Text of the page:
In 2009, downtown Kalamazoo, MI was fighting a battle to recruit and retain retailers. In a story familiar to many towns, the vibrancy of downtown was being challenged by recession and growing competition from big box retailers and lower-rent strip malls. Unable to convince established retailers to take the risk of opening an additional store in the evolving downtown, economic development officials turned to the promise of retail start-ups. But these start-ups, lacking the necessary resources and expertise, needed help.
The State of Michigan had passed an amendment to the Downtown Development Authority (DDA) Act in 2008 allowing DDAs to create, operate and fund retail business incubators. Downtown Kalamazoo Inc. (DKI) was the first to take advantage of the legislation that “targeted tenants who will provide goods or services that are not available or that are underserved in the downtown nearby” by establishing the Retail Incubation Program.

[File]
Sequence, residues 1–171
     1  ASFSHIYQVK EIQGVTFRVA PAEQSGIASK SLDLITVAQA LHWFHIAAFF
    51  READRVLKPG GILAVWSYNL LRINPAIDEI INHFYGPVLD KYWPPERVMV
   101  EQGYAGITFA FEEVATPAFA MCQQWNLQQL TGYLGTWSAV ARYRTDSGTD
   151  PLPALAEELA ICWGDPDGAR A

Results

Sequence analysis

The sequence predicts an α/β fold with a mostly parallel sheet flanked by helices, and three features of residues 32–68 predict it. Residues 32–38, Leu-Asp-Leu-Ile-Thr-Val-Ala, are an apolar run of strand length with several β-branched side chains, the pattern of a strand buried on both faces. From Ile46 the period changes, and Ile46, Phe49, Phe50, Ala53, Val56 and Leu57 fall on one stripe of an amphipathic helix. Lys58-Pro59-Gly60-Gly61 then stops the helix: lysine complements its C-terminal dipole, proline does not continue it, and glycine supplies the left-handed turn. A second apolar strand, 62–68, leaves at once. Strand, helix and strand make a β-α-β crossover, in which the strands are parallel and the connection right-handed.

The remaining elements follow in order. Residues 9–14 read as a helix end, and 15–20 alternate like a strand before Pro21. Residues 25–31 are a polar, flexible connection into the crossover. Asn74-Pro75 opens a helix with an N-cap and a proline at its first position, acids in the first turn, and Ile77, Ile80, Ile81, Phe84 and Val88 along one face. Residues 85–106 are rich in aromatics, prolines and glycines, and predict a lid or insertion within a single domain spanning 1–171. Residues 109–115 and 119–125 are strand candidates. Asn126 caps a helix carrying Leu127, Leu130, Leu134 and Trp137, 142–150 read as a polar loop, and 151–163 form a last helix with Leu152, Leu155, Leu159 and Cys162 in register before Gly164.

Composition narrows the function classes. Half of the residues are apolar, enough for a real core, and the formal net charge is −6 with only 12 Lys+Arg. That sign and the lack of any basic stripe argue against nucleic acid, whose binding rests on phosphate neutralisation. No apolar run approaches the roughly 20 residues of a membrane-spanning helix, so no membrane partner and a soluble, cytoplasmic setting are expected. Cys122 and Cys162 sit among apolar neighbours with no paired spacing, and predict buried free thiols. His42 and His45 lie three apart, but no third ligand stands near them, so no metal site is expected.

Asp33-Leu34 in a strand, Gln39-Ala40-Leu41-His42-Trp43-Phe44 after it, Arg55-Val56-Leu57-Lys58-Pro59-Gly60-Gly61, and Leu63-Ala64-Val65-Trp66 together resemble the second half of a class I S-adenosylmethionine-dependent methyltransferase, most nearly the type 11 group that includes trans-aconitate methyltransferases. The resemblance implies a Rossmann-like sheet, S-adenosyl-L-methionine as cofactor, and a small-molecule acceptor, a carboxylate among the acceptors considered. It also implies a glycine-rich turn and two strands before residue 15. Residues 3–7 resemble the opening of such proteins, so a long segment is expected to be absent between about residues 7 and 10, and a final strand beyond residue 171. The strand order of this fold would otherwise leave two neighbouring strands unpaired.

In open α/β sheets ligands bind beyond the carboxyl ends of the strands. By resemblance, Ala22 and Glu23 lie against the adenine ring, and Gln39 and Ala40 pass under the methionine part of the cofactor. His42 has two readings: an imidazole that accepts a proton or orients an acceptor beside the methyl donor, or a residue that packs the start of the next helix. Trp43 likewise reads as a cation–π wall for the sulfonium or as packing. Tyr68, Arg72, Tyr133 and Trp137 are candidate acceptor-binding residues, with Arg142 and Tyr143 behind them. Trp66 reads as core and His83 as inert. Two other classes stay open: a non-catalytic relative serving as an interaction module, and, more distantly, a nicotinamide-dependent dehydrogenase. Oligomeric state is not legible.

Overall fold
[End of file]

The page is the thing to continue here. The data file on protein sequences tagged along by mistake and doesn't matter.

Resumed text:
DKI’s Business Recruitment & Retention Committee managed the program which provided the following support to retail start-ups in downtown:
- 18 months of subsidized rent, incrementally reduced from a maximum of 50% or up to $830 a month. (This might not be permissible under North Carolina law. See discussion later in the post.)
- Training in Merchandise Management, Marketing, Human Resources, Financial Management and Customer Service.
- Business mentoring from a successful downtown business.
Returns to the community were maximized by requiring that participants:
- Attend all of the training sessions.
- Obtain a bookkeeper or CPA deemed acceptable by the program.
- Provide sales, inventory and expense information to the program for macro tracking of downtown retail.